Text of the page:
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Saint Josemaria
Quotations from Saint Josemaria

Go Forward, with More Love

Tags: Love of God, Sacrament of Reconciliation, Ascetical struggle, Optimism, Love, Forgiveness
Pericope Adulterae. By Nicolas Poussin (1653), Paris.
Pericope Adulterae. By Nicolas Poussin (1653), Paris.
So I tell you, her many sins have been forgiven; hence, she has shown great love. But the one to whom little is forgiven, loves little..
Lk 7, 36-50

You are discouraged, why? Is it your sins and miseries? Is it your defeats, at times coming one after the other? A really big fall, which you didn 't expect?
Be simple. Open your heart. Look: as yet nothing has been lost. You can still go forward, and with more love, with more affection, with more strength.
Take refuge in your divine sonship: God is your most loving Father. In this lies your security, a haven where you can drop anchor no matter what is happening on the surface of the sea of life. And you will find joy, strength, optimism: victory!
The Way of the Cross, VII Station, n. 2
The true life stories of christian heroes resemble our own experience: they fought and won; they fought and lost. And then, repentant, they returned to the fray.

Lazarus rose because he heard the voice of God and immediately wanted to get out of the situation he was in. If he hadn’t wanted to move, he would just have died again.
A sincere resolution: to have faith in God always; to hope in God always; to love God always… he never abandons us, even if we are rotting away as Lazarus was.
The Forge, 211

Let's not deceive ourselves: in our life we will find vigour and victory and depression and defeat. This has always been true of the earthly pilgrimage of Christians, even of those we venerate on the altars. Don't you remember Peter, Augustine, Francis? I have never liked biographies of saints which naively — but also with a lack of sound doctrine — present their deeds as if they had been confirmed in grace from birth. No. The true life stories of christian heroes resemble our own experience: they fought and won; they fought and lost. And then, repentant, they returned to the fray.
Christ is passing by, 76

Another fall, and what a fall! Must you give up hope? No. Humble yourself and, through Mary, your Mother, have recourse to the merciful Love of Jesus. A miserere, and lift up your heart! And now begin again.
The Way, 711

Many times have I repeated that verse of the Eucharistic hymn:Peto quod petivit latro poenitens, and it always fills me with emotion: to ask like the penitent thief did!
He recognised that he himself deserved that awful punishment... And with a word he stole Christ 's heart and opened up for himself the gates of heaven. Now that you have repented, promise Jesus that, with his help, you will not crucify him again. Say it with faith. Repeat, over and over again: I will love you, my God, because ever since you were born, ever since you were a child, you abandoned yourself in my arms, defenceless, trusting in my loyalty.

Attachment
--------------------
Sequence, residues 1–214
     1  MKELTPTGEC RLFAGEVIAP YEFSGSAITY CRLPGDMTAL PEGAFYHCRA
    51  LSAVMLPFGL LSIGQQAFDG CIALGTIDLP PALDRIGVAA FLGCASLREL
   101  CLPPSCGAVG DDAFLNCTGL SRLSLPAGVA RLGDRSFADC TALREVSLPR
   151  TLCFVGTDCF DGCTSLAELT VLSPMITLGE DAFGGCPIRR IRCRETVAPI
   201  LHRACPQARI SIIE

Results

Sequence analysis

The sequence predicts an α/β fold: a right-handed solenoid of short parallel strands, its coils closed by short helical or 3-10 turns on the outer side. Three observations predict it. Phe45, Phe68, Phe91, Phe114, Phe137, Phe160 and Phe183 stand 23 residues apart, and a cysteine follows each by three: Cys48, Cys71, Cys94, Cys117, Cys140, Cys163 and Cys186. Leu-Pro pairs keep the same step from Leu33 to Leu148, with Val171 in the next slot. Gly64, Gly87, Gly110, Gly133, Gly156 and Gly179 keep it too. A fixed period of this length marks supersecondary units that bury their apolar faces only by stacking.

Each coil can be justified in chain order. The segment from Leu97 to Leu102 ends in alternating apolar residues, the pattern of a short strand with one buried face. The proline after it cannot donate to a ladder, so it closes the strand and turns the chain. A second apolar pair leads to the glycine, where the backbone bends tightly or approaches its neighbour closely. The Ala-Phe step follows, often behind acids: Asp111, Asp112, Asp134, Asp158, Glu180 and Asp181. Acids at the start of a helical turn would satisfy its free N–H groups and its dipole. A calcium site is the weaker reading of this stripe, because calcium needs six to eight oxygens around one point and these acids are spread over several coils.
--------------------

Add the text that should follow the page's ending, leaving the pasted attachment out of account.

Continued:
The Way of the Cross, XII Station, nn. 4-5

Gloominess, depression. I am not surprised: it is the cloud of dust raised by your fall. But... that's enough! Can't you see that the cloud has been borne far away by the breath of grace?
Moreover, your gloominess, if you don't fight it, could very well be the cloak of your pride. — Did you really think yourself perfect and incapable of sinning?
The Way, 260
Jesus Christ is always waiting for us to return to him; he knows our weakness.

A Christian is not a neurotic collector of good behaviour reports. Jesus Christ our Lord was moved as much by Peter's repentance after his fall as by John's innocence and faithfulness. Jesus understands our weakness and draw us to himself on an inclined plane. He wants us to make an effort to climb a little each day. He seeks us out, just as he did the disciples of Emmaus, whom he went out to meet. He sought Thomas, showed himself to him and made him touch with his fingers the open wounds in his hands and side. Jesus Christ is always waiting for us to return to him; he knows our weakness.
Christ is passing by, 75

Confession, a divine dialogue
Sacramental confession is not a human but a divine dialogue. It is a tribunal of divine justice and especially of mercy, with a loving judge who "has no pleasure in the death of the wicked; I desire that the wicked turn back from his way and live."
The tenderness of our Lord is truly infinite.
Christ is passing by, 78

You wrote to tell me that you have at last gone to confession and that you experienced the humiliation of having to open the sewer — that is what you say — of your life to “a man”.
When will you get rid of that feeling of vain self-esteem? You will then go to confession extremely happy to show yourself as you are to “that man”, who, being anointed, is a Christ — Christ himself — and gives you absolution, God’s forgiveness.
Have you sought relief in tears by the side of Our Lord, and in confident conversation with a brother?
Furrow, 45

Stop thinking of your fall. That thought, besides overwhelming and crushing you under its weight, may easily be an occasion of further temptations. Christ has forgiven you: forget the 'old self'.
The Way, 262

You seem to hear a voice within you saying. 'That religious prejudice!' And then the eloquent defence of all the weaknesses of our poor fallen flesh: 'Its rights!'
When this happens, tell the enemy that there is a natural law and a law of God... and God! And also hell.
The Way, 141

The dust thrown up by your fall blinds and disorients you, and you have thoughts which rob you of your peace.
—Have you sought relief in tears by the side of Our Lord, and in confident conversation with a brother?
Furrow, 324

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